Ruling that religious organizations have the right to hire and fire employees who perform religious duties based on any criteria they choose, the Supreme Court of the United States upheld an appellate court decision in a case involving Cheryl Perich, a teacher at Hosanna-Tabor Evangelical Lutheran Church and School in Redford, MI, who was fired after she received a narcolepsy diagnosis.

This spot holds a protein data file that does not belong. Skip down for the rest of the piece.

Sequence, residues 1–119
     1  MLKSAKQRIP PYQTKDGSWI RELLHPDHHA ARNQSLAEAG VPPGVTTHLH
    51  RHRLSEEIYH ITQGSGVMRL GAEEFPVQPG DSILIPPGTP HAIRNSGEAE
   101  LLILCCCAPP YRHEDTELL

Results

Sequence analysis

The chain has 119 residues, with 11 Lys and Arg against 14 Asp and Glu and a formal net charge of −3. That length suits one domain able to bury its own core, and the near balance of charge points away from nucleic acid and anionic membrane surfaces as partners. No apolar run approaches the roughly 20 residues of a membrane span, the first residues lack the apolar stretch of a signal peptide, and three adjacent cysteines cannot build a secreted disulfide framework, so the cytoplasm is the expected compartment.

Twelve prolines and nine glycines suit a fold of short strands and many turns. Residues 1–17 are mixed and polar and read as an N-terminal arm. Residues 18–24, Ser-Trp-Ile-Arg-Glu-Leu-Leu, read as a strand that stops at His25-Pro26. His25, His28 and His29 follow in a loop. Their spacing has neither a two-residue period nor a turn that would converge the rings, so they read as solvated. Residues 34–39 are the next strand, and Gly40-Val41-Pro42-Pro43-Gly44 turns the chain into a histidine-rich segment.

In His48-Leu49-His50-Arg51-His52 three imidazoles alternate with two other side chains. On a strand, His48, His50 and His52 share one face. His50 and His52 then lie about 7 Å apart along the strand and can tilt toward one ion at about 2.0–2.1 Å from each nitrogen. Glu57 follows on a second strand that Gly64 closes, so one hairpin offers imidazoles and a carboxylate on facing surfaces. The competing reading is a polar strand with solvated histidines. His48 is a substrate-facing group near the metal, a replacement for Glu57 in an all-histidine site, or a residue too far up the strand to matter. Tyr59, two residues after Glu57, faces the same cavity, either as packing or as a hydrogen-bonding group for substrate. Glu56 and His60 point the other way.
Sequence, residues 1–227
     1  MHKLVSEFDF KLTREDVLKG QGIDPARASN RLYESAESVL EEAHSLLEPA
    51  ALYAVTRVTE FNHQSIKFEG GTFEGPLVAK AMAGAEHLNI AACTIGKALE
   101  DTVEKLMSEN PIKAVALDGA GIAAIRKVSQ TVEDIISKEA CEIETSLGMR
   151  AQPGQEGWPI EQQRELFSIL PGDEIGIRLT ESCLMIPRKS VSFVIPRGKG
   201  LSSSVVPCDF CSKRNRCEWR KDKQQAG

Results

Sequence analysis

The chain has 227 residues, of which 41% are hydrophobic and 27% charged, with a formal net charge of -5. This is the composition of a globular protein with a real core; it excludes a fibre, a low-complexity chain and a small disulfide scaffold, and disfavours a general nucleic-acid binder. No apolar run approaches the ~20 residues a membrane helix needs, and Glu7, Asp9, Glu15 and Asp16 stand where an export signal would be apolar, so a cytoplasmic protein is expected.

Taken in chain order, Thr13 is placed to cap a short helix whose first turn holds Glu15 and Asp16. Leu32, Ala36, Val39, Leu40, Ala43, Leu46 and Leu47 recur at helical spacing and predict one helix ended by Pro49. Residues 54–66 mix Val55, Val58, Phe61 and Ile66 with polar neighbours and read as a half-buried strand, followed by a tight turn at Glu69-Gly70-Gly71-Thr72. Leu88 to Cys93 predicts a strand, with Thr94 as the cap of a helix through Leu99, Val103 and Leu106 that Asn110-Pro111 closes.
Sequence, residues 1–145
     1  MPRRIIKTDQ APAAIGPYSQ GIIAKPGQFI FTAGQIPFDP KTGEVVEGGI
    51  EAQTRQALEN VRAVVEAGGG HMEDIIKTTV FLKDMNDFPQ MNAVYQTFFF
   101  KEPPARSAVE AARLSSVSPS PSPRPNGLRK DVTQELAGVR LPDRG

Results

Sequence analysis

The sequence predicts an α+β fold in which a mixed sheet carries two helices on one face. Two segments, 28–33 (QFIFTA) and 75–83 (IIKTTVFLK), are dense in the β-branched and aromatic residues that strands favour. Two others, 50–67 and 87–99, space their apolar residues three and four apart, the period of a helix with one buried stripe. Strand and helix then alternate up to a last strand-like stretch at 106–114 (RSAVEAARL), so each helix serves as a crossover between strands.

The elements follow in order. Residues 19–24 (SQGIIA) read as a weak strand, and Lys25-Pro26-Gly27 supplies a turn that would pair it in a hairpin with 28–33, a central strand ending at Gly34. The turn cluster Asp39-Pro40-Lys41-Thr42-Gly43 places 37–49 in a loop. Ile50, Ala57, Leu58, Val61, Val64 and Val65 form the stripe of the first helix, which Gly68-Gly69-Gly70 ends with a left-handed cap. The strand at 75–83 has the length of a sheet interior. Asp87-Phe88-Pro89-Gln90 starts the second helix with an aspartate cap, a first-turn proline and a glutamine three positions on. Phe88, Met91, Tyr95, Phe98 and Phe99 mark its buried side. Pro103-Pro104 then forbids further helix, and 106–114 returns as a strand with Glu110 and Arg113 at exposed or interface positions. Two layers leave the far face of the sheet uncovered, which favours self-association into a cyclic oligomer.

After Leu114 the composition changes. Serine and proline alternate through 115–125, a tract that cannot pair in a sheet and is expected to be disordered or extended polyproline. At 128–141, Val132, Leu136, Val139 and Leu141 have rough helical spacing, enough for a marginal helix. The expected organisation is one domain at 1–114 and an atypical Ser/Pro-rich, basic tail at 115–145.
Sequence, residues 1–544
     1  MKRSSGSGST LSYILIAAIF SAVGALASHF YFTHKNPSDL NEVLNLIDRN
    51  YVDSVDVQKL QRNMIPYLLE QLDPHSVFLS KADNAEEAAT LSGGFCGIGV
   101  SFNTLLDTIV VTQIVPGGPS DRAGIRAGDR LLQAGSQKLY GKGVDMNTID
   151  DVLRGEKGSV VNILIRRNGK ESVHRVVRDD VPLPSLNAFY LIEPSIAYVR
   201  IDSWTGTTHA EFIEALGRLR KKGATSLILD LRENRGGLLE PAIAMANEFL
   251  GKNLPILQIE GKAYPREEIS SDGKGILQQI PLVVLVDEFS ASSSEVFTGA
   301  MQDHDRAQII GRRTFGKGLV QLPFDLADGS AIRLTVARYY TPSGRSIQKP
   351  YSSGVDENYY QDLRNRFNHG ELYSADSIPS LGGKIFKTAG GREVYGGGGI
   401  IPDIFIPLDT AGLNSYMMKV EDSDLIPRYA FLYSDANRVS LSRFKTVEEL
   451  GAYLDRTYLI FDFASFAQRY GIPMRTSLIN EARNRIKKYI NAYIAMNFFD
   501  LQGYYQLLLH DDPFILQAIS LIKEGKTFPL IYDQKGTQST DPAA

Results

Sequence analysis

Perich, who taught religious as well as secular classes and periodically led chapel services, argued that the church’s action violated the Americans With Disabilities Act. She joined the school as a lay teacher in 1999, then underwent religious training and later became a “called teacher,” expected to perform her job “according to the Word of God and the confessional standards of the Evangelical Lutheran Church as drawn from the Sacred Scriptures.” After becoming ill in 2002, she was ready to return to work in 2005. By then, the school had hired another teacher. After she threatened to sue to get her job back, she was fired for “insubordination and disruptive behavior.” Church and school leaders maintained that disputes should be resolved within the church, not in court....
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